i>IDOL RETURNS -- BIGGER THAN EVER

Defying TV critics' predictions that it would not be able to sustain its enormous popularity, American Idol returned to the air on Fox Tuesday with ratings that exceeded those for its season debut a year ago. According to Nielsen Research 37.3 million viewers tuned in to the two-hour premiere versus 35.5 million last year. The 8:00 p.m. hour recorded a rating of 18.8 and an audience share of 28. The second hour at 9:00 p.m. averaged a 21.3/32. CBS's NCIS once again proved to be a solid competitor at 8:00 p.m. as it delivered a 10.2/15. But NBC's Dateline and ABC's America's Funniest Home Videos were barely blips on the ratings chart. At 9:00 p.m., CBS remained in second place with The Unit, which recorded a 7.6/11. But a rerun of Law & Order: Criminal Intent drew only a 5.5/8 for NBC, while a second hour of Videos drew a 3.8/6 for ABC. With Idol out of the competition at 10:00 p.m., NBC moved to the top with a 9.2/15 for Law & Order: SVU. ABC's Boston Legal placed second with a 6.4/10, while CBS's 48 Hours Mystery finished third with a 5.6/9.

THE RETURN OF THE FAIRNESS DOCTRINE?

Ohio Congressman Dennis Kucinich and Sen. Bernie Sanders of Vermont have indicated that they plan to introduce legislation this year that would require the FCC to restore the Fairness Doctrine, a rule that once compelled broadcasters to present all sides of controversial issues. Kucinich said that he will chair a new House subcommittee of the House Government Reform Committee that will hold hearings on the role of the FCC and consider reinstating the Fairness Doctrine. Most analysts agreed that the rule would have little effect on broadcast television networks, which generally attempt to observe at least the spirit of the Fairness Doctrine, which was overturned in 1987 during the Reagan administration. But it would play havoc with talk radio stations, which currently are dominated by conservative hosts. Today's (Wednesday) New York Daily News quoted Rush Limbaugh as saying that the calls for reinstatement amount to a "hush Rush" campaign. Michael Harrison, editor of Talkers magazine, told the newspaper that the Fairness Doctrine "did nothing except chill free speech." He added, "Talk radio owes its explosive growth over the last 20 years to the repeal of the Fairness Doctrine." Other experts doubted that it could be reinstated, noting that President Bush would almost certainly veto any legislation to do so.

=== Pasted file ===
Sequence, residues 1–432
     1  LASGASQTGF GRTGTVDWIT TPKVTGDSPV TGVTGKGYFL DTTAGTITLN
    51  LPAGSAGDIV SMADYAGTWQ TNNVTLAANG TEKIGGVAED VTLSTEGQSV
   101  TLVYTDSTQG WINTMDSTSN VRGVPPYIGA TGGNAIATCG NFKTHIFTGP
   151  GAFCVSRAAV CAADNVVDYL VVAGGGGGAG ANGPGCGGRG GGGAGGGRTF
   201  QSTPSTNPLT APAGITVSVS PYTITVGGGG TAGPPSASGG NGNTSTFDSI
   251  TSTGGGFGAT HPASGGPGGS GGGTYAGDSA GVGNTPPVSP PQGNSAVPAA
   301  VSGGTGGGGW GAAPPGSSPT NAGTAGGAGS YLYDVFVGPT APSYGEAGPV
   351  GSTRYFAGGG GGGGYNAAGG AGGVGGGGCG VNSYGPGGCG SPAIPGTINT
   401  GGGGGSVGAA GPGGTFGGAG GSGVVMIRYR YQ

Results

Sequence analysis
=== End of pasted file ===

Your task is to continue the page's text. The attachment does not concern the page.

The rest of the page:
FOX APOLOGIZES FOR F-WORD ON A T-SHIRT

Fox TV has issued an apology for showing a fan wearing a T-shirt emblazoned with the words "F**k da Eagles" during its primetime coverage of last Saturday's NFL playoff game between the Philadelphia Eagles and the New Orleans Saints. A Fox Sports spokesman said that the program aired live, without the usual 3-5 second delay. "It was unintentional, inadvertent, and we apologize," Fox Sports spokesman Dan Bell said in response to complaints from numerous religious and conservative family-activist groups, including Brent Bozell's Parents Television Council, which has spearheaded the battle against indecent speech on television. On Tuesday, Tim Winter, executive director of the PTC, issued a statement saying, "There is no doubt that this was an intentional airing of patently offensive language on the public airwaves." He added: "We are calling on our members across the nation to file formal indecency complaints with the FCC, and we urge the commission to take swift and decisive action to protect the public airwaves from those who are abusing their privilege to use them."

THAILAND CENSORS CNN, BLOCKS CNN AND BBC WEBSITES

The military junta ruling Thailand has come under new attack by domestic human rights organizations and international journalists groups after it censored CNN's broadcast of an interview with former Prime Minister Thaksin Shinawatra conducted in Singapore. A spokesman for the Human Rights Committee of Thailand called the censorship "a freedom of expression blockade." In New York the Committee to Protect Journalists also issued a statement condemning the action. During the interview Thaksin denied claims by the junta that his supporters were responsible for a series of bombings that rocked Bangkok on New Year's Eve. He also said that he planned to quit politics and return to civilian life. Last week the Thai government ordered local broadcast stations not to air any statements by Thaksin. Today's (Wednesday) Bangkok Post and The Nation, the two leading English-language newspapers, reported that the government also shut down access to CNN's and the BBC's websites. "The irony was that neither featured any news of the Thaksin interview, although numerous other websites did," the Post said. In the interview Thaksin also said that when he was informed that a coup was taking place while he was in New York last Sept. 19, he attempted to go on Thai television to address the country but was unable to do so. He remarked that he didn't "believe that this can happen again in the 21st century." In Thailand viewers saw still photos of Angelina Jolie and Cameron Diaz in place of the CNN interview.

CNN TO AIR IN HDTV

CNN will become the first cable news network to broadcast in high definition when it launches CNN-HD this fall, the network announced Tuesday. Home satellite operator DirecTV immediately announced that it will carry the HDTV broadcasts. DirecTV was acquired last month by John Malone's Liberty Media from News Corp, which owns the Fox News Network, CNN's principal rival.

Brian B.